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Table 2 Microbial effects of resistant starch (RS) in pig studies

From: Resistant starch: Implications of dietary inclusion on gut health and growth in pigs: a review

Test animalsa Types of RS Microbial effectsb References
Nursery pigs RPS (RS 14%) Increased colonic lactobacilli and Bacteroides [15]
Nursery pigs Purified corn starch (63% amylose) Increased cecal and colonic Bifidobacterium
Decreased Clostridium clusters IV and XIVa
Nursery pigs High amylose corn starch (85% amylose) Increased proximal colonic Lactobacilli and Bifidobacteria [47]
Growing pigs RS2 in corn, potato, barley, pea, tapioca Increased fecal lactobacilli and bifidobacteria (meta-analysis) [99]
Growing pigs High amylose corn and RPS (RS 11%) No significant changes in microbial composition [42]
Growing pigs Retrograded tapioca starch (RS 34%) Increased colonic Ruminococcus bromii, and bacterial group Clostridium cluster IV, IX, XV, XVI, and XVII
Decreased colonic Gammaproteobacteria
Growing pigs Retrograded tapioca starch (RS 33%) Increased Lachnospiraceae- and Ruminococcus-affiliated phylotypes [55]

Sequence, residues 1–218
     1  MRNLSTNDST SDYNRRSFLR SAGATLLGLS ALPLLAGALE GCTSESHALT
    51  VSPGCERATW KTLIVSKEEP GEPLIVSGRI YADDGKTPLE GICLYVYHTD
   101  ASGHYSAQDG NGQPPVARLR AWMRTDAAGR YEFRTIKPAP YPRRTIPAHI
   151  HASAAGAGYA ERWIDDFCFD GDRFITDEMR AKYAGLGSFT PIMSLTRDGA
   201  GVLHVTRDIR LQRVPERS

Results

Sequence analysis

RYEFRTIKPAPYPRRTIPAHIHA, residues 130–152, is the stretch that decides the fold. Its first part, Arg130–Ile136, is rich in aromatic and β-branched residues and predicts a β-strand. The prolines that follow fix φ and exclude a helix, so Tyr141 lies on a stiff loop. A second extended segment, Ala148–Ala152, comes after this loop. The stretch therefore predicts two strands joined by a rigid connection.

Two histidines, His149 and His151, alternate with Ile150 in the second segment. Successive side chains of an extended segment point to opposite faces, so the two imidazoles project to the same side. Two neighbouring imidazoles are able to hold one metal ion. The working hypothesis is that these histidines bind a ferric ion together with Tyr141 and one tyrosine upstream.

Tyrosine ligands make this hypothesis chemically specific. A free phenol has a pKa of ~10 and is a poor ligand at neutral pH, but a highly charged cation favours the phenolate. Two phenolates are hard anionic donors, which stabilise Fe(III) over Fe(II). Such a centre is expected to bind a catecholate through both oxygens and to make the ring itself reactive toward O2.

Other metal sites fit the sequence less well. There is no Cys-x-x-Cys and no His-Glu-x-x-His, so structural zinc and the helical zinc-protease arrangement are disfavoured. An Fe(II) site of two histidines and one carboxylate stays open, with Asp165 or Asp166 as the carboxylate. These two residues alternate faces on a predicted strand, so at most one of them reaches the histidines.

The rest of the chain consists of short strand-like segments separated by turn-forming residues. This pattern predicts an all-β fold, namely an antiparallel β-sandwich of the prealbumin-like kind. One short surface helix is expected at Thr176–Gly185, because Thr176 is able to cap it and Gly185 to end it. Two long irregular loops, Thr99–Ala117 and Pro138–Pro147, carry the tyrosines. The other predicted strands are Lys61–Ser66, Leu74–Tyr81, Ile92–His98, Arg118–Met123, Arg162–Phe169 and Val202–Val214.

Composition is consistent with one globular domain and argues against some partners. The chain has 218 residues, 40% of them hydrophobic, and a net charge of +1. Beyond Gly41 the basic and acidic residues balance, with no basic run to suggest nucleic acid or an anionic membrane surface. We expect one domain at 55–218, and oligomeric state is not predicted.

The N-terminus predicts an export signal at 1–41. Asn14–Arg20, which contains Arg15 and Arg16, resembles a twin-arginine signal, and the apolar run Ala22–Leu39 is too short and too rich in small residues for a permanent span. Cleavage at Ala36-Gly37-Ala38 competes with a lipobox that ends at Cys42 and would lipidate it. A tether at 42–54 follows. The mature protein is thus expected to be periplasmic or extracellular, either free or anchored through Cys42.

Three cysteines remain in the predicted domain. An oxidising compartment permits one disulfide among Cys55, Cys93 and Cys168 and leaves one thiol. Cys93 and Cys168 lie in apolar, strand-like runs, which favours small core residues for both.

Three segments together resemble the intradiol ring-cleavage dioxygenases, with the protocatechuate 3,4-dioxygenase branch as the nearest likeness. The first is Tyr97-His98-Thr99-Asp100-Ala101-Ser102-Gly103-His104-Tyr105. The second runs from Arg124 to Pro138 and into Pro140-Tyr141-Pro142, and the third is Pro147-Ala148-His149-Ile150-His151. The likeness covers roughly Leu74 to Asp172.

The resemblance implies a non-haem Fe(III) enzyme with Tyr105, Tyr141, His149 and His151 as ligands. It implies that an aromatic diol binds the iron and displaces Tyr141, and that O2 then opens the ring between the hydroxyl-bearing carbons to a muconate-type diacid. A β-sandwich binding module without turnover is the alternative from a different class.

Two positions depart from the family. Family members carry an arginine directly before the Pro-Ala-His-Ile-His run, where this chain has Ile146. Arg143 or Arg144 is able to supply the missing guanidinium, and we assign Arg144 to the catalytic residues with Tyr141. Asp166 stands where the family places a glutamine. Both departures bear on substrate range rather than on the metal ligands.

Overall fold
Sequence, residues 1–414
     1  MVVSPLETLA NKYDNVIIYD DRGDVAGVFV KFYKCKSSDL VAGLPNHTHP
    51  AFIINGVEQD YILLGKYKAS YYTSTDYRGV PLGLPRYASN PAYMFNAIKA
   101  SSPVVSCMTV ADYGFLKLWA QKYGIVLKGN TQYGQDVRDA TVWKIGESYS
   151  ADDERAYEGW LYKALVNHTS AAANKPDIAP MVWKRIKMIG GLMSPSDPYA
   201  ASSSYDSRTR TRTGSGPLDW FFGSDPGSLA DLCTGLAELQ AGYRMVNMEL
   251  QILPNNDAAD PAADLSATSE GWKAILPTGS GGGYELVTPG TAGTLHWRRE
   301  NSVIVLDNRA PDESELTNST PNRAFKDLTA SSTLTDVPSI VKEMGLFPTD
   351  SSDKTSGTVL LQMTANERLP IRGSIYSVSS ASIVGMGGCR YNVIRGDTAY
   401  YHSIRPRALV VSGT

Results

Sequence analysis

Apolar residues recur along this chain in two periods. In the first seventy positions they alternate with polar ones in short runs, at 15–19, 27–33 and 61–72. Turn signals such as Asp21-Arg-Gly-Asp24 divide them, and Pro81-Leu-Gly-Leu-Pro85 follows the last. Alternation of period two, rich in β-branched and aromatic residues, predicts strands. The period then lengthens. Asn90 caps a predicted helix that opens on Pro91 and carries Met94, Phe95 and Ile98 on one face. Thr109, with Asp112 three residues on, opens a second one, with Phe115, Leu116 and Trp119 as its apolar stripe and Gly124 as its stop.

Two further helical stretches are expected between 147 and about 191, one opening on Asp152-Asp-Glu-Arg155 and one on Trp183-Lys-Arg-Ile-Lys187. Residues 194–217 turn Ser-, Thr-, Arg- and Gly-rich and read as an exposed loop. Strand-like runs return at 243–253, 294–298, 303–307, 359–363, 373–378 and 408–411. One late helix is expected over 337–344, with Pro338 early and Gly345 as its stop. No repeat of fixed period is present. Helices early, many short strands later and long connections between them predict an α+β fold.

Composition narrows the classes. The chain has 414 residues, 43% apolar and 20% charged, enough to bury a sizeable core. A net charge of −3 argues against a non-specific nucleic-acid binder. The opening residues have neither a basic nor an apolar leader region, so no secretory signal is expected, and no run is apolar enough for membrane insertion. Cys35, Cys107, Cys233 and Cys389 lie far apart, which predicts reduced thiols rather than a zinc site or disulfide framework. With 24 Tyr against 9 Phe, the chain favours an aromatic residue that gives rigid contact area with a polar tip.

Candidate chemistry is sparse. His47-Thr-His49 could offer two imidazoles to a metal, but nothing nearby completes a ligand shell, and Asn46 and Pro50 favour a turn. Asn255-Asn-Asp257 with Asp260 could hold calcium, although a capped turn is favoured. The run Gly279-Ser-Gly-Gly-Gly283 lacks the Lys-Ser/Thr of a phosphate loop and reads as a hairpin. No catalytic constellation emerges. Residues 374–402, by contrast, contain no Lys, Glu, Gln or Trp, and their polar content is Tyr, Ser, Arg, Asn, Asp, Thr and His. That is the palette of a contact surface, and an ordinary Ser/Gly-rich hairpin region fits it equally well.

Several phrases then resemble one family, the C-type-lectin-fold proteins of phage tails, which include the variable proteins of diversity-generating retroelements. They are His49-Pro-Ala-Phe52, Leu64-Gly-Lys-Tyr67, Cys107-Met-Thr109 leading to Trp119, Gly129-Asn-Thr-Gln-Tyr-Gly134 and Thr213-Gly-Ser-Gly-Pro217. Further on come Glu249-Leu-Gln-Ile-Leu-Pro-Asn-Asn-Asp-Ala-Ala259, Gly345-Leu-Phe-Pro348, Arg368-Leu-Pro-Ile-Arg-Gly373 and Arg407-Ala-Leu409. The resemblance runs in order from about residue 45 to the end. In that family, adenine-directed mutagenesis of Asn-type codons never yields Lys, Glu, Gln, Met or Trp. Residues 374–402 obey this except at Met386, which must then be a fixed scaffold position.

Cannulated growing pigs Purified corn starch (63% amylose) Increased fecal Bifidobacterium [93]
Growing-finishing pigs Purified RPS (RS 13 to 15%) Increased Coprococcus, Ruminococcus, and Turicibacter
Decreased Sarcina and Clostridium
Gestating and lactating sows Pea starch (RS 5 to 9%) Increased Bifidobacterium and ratio of Firmicutes to Bacteroidetes [100]
Pregnant sows RPS (RS 5%) Increased fecal Clostridia [82]
  1. aBW of pigs at the start of the study: nursery pigs, 6 to 27 kg; growing pigs, 30 to 63 kg; finishing pigs, 70 kg and above.
  2. bMicrobial composition represented by relative abundance.